Yesterday afternoon, after a long fish and chip lunch (working class dinner) with friends, we both needed a walk so we wandered up to the Botanical Gardens with no particular quarry in mind except the vague hope that there might be some traces of a physic garden in amongst the plantings. No such luck, though – the garden has its seasonal moments, but apart from a couple of very nice borders the trees are the main survivors of the relentless pressures of austerity. The garden is just far enough from the tourist hotspots to allow the City Council to neglect it without much fear of being called out. Any protesters can be labelled as ‘minority activists’ citing the pressing and greater needs of social care and claiming that these sorts of things are expensive fripperies – like libraries and galleries …… and – the list goes on, the cuts get deeper and the fabric of society begins to disintegrate. The Garden is only a short walk from Royal Crescent which is constantly crowded with visitors who photograph the lovely architecture without giving a thought to where the money came from. William Beckford whose folly overlooks Bath from a commanding position on Lansdown was one such landowner. His Wikipedia entry gushes on about his achievements as an art collector, novelist and politician but remains silent on the slave plantations that provided his inherited wealth.
So it was a relief to find Carters Steam Fair setting up next door. Carters is unlike any other funfair you might have been to – for a start you’re safer at the fair than you would be crossing the A4 to get to it. When I was a child, travelling fairs were thought of as being a bit rough and risky. On the hot evenings fights would break out like summer showers and I can recall the boxing booths where the local lads would get up and have a go. There were still a few freak shows and I even remember the name of one burlesque act, called “The Naughty Nineties Girls”. These all added to the erotic undertones of the funfair. During the afternoons it was mainly attended by families and children, but as a teenager when I was first allowed to go at night, it took on an altogether darker and more exotic life. As you approached, you could hear the raucous music and see the lights. What was so wonderful about it? Well, it was edgy, liminal – you had to cross the penumbra of scattered light to enter – it was everything that life at home wasn’t – joyful, noisy, disorderly, open-ended. They played rock and roll music and there were girls. The young men running the rides were like young predators stalking their supper. It was Weimar Berlin, bathed in diesel fumes and the smell of the summer night. There were huge noisy generators run by men who’d seen it all, there was mud and straw and the greatest thing of all was that it would disappear after a week leaving just tyre tracks and yellowed grass. A truly proletarian event.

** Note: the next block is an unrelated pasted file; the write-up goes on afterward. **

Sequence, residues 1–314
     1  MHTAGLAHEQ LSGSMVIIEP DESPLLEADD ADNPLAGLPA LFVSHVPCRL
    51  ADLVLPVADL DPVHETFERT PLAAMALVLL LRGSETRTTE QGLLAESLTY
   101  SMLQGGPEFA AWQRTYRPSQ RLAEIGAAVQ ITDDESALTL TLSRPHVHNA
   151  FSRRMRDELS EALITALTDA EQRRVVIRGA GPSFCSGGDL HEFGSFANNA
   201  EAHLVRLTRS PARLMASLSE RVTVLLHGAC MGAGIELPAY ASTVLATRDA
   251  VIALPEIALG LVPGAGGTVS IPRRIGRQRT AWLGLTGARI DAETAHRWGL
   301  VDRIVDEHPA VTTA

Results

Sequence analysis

Carters has all the old rides, the paper roll steam organs and the rock and roll music. There are generators and candyfloss and hotdogs but it’s resolutely respectable and run by a family who spend their winters restoring the unloved relics of the dangerous days. They even run courses on funfair lettering and painting.
Re-live Grandma’s Yesterday
That’s the slogan on one of the lorries and we’ll be there on Saturday afternoon when it opens, listening (I hope) to the Everly Brothers and photographing the spectacular machinery. All very low-tech, 1950’s and hauntingly beautiful.